Lomography has released a new DIY medium format cardboard camera called the LomoMod No. 1, and it comes with a really neat “accessory” up its sleeve: a liquid-filled lens module that Lomo is calling “perhaps the wildest and most innovative lens in the world.”
The LomoMod No. 1 system is made up of four pieces: A laser-cut cardboard camera body that’s built to take 120 film, a shutter mechanism, an aperture mechanism, and the Sutton liquid-filled lens module. You build the camera by folding and fitting the various laser-cut pieces together, and then attaching the whole lens/shutter/aperture module to the final product, creating a unique setup that is very “Lomography” in terms of both its eccentricity and the kinds of images it’s able to capture.
Here’s a quick introduction and unboxing video that shows how this whole system comes together:
“Created as an homage to Victorian photographer Thomas Sutton’s eccentric invention, itself inspired by the humble snowglobe, its unique liquid-based focus is a source of experimentation that marries perfectly with the world’s most impressive DIY camera,” explains Lomography. “The liquid through which the lens focuses can be easily changed, which effortlessly produces a whole variety of effects and deviations.”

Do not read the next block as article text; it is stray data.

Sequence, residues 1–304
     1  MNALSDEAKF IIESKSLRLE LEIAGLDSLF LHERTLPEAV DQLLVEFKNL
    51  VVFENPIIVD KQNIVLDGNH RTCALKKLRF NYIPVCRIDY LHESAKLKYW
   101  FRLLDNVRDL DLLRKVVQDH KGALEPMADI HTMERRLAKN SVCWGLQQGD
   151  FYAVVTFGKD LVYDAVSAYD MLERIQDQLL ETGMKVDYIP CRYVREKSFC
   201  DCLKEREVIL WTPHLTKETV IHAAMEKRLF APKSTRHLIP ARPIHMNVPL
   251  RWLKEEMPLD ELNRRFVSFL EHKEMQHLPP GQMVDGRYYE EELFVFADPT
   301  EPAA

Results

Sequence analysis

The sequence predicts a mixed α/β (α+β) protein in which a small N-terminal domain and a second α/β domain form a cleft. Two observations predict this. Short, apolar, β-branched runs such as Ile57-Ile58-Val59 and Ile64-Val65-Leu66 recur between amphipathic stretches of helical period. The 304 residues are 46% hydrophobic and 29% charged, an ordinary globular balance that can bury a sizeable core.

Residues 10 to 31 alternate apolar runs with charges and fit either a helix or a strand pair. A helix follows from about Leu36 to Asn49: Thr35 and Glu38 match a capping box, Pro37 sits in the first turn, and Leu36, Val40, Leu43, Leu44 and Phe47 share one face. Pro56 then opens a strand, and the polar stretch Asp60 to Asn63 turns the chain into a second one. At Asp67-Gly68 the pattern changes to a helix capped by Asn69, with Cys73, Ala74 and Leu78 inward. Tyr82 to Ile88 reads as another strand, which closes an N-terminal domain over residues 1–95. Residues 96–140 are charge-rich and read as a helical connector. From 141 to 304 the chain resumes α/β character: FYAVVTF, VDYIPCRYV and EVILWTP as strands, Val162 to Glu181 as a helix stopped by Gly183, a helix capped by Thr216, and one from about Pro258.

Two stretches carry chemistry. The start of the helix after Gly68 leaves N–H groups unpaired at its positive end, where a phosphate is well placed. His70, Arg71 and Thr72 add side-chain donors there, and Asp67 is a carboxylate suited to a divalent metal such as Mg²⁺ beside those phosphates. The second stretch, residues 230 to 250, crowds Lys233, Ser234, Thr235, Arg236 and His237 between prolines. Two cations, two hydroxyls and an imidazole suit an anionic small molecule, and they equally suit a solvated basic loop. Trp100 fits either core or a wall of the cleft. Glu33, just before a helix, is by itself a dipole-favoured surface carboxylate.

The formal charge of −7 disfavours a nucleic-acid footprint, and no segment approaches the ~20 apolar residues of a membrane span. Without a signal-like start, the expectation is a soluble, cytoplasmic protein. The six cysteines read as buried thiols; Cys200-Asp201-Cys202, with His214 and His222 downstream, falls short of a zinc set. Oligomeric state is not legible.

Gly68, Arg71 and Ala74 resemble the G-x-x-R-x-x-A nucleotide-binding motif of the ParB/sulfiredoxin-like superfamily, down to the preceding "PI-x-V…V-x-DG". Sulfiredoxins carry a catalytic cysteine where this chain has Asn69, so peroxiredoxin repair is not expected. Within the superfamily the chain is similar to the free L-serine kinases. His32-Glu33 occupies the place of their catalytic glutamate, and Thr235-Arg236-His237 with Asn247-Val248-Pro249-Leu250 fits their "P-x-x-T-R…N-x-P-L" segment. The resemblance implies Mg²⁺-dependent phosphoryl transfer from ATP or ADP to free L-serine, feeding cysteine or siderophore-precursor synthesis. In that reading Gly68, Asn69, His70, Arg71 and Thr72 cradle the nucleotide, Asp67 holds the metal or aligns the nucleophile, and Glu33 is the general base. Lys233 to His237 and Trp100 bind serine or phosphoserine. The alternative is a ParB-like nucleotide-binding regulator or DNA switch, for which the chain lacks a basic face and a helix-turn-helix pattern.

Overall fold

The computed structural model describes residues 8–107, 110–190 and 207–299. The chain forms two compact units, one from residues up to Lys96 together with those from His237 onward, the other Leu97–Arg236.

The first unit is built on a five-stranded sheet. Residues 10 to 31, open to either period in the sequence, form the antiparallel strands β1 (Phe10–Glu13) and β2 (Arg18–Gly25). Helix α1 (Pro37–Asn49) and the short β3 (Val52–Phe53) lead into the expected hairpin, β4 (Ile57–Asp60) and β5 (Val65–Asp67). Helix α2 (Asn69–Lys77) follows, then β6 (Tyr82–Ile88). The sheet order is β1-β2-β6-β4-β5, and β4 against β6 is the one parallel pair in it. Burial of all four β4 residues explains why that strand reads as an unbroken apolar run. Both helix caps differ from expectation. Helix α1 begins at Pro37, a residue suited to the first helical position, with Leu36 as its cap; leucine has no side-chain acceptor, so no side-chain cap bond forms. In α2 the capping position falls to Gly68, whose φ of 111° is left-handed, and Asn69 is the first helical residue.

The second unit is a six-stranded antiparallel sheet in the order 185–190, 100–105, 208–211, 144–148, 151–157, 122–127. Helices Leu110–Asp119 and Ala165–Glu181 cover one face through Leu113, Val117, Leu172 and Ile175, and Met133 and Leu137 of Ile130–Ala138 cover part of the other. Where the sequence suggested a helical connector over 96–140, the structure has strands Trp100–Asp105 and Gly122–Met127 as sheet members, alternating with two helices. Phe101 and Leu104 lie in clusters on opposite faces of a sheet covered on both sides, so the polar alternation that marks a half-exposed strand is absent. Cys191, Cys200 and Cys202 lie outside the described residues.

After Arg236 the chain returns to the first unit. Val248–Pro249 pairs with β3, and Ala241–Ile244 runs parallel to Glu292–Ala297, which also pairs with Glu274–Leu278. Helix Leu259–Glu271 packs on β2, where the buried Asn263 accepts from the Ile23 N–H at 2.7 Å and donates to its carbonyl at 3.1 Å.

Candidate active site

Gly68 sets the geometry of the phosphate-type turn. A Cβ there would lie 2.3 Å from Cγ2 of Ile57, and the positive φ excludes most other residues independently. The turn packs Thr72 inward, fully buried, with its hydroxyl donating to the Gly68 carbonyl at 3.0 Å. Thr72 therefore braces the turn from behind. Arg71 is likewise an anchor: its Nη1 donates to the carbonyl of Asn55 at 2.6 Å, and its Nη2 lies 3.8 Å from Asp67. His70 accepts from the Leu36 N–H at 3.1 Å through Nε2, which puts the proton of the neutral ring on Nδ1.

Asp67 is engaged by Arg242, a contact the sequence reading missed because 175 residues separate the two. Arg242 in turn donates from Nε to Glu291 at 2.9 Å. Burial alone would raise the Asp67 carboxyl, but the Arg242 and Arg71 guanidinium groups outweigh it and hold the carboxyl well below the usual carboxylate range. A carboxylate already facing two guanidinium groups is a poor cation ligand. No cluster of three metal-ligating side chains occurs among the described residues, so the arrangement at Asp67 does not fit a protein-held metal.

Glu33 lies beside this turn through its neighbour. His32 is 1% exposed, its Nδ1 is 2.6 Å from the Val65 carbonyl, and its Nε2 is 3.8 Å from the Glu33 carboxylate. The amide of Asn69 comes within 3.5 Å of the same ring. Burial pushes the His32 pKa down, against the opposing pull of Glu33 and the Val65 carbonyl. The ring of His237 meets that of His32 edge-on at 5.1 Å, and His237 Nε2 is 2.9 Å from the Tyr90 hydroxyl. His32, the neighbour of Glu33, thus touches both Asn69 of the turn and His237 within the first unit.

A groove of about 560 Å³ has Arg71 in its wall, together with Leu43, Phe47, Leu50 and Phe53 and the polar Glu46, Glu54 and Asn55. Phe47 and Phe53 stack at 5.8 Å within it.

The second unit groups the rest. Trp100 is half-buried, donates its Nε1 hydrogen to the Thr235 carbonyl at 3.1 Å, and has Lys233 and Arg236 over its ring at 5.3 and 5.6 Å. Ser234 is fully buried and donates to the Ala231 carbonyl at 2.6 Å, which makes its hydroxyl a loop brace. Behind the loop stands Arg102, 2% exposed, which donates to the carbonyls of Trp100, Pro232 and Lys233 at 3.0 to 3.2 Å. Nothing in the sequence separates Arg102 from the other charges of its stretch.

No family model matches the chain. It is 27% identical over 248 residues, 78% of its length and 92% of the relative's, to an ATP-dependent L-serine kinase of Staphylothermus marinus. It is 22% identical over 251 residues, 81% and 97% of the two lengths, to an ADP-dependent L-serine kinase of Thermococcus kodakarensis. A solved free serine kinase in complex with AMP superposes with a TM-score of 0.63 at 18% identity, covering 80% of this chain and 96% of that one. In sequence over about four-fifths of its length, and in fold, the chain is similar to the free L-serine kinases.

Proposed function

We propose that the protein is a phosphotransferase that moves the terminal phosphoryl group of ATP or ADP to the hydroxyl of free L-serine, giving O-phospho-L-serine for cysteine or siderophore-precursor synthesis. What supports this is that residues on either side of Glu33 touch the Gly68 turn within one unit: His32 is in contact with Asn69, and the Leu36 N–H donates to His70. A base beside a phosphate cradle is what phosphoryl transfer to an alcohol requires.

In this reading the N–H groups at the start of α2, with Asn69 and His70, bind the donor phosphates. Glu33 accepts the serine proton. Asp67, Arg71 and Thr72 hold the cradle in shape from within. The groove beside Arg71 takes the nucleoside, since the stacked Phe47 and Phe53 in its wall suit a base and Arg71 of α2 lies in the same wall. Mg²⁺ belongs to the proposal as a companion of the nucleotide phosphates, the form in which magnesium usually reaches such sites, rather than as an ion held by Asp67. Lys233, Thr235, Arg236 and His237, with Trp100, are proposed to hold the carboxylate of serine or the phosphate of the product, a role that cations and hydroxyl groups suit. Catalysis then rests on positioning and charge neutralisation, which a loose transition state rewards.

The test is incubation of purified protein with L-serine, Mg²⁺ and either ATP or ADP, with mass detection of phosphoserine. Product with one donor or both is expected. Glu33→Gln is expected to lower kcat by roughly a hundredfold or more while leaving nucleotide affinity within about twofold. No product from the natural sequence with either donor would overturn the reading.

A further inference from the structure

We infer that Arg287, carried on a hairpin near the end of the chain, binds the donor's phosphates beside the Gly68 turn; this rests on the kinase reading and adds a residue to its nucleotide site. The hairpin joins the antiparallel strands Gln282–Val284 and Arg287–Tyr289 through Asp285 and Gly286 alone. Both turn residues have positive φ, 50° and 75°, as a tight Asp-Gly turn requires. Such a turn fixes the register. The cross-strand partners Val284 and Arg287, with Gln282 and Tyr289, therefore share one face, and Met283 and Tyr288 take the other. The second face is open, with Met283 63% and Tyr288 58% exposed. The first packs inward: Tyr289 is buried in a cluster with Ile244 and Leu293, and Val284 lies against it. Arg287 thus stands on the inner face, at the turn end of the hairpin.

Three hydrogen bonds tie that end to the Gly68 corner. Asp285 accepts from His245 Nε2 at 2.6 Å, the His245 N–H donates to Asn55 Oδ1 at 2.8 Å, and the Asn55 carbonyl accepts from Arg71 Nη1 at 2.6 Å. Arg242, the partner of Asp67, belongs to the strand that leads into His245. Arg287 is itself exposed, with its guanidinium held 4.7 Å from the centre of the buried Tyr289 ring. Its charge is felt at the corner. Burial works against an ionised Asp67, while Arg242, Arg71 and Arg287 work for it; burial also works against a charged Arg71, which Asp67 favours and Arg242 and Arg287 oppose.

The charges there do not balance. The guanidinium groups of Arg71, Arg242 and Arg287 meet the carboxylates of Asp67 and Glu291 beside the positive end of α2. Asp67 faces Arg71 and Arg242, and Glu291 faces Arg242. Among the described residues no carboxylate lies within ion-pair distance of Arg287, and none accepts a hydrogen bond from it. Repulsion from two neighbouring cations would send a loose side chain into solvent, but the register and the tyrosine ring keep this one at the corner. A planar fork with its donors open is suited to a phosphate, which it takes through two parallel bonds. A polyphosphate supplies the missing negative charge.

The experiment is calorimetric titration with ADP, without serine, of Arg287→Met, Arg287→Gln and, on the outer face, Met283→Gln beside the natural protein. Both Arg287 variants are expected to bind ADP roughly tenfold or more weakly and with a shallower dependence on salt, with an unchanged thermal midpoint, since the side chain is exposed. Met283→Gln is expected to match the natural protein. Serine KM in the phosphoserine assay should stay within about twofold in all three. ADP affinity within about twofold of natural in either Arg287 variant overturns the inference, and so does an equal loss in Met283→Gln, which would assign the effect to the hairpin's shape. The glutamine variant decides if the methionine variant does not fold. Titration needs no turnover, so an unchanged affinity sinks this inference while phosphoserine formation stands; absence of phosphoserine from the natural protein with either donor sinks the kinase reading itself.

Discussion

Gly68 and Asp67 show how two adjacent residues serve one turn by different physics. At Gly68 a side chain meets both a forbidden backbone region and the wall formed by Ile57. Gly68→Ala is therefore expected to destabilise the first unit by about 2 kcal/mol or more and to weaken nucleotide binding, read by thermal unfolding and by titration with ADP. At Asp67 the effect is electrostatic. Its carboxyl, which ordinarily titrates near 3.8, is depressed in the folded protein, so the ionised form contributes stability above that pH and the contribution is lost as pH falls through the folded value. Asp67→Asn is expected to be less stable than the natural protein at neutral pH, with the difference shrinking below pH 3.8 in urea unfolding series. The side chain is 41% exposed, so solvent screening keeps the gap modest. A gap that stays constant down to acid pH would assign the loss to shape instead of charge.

The lens itself boasts an 80mm focal length, maximum aperture of f/11, and has fixed focus that should cover everything from 2.5m to infinity. Shutter speed can be adjusted from 1/100 to Bulb, and the shutter mechanism comes with both a cable release socket and a PC-sync socket for use with flash.
Here’s a closer look at the cardboard camera and liquid-filled lens:
And a few sample images captured with the DIY setup using a variety of liquids:
The LomoMod No. 1 camera and Sutton liquid-filled lens are available to pre-order now for $60, and will begin shipping to Europe and the US in early November. You can also pick it up in a kit with a roll of Lomo B&W Cine film or a roll of Lomo Purple film for $68 and $71, respectively.
To learn more or pre-order yours, head over to the Lomography website.